One of the most fundamental questions that a doctor may be asked to answer is the following: Is this man or is that woman dead? Guest D. Alan Shewmon offers a compelling rebuke to the principal arguments put forth to defend the concept of brain death.
The arcane procedure patients must follow to file out-of-network claims is an important obstacle for a more widespread embrace of a third-party free medical practice. Could that process be made less daunting?
In a matter of a couple of decades, the concepts of population health and population medicine have taken center-stage in healthcare, displacing the traditional aim of medicine and distorting the doctor-patient relationship.
In the wake of the #MeToo movement, a sweeping report was recently published detailing 30 years of research on the sexual harassment of women in academia.Guset Dr. Jane van Dis sheds light on the report and highlights what future steps must be taken.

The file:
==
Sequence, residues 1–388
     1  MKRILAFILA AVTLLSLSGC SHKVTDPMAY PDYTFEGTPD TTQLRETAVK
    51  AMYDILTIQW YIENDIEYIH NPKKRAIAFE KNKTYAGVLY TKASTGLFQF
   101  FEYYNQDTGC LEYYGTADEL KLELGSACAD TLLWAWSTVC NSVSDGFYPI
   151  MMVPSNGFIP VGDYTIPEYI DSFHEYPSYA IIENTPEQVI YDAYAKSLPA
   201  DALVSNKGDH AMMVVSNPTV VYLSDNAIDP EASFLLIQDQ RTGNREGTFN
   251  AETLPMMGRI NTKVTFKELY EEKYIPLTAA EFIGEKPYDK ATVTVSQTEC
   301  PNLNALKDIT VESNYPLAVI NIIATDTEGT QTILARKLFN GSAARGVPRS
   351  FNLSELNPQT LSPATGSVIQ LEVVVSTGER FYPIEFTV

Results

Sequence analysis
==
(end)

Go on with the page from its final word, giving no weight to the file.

Physician burnout has attained epidemic proportions. The true causes of this epidemic remain hotly contested but our two distinguished guests have recently published an essay whose thesis has resonated with many doctors.
For most doctors, Hippocrates is a quaint figure of the past with hardly any relevance to the modern practice of medicine. We may label him as the “father of medicine,” but we have no idea what really connects us to him.
Dr. Brahmajee Nallamothu discusses financial incentives of publishing, ideological biases in medical journals, the peer review process, the Twitter effect, and a new editorial position of independent troller!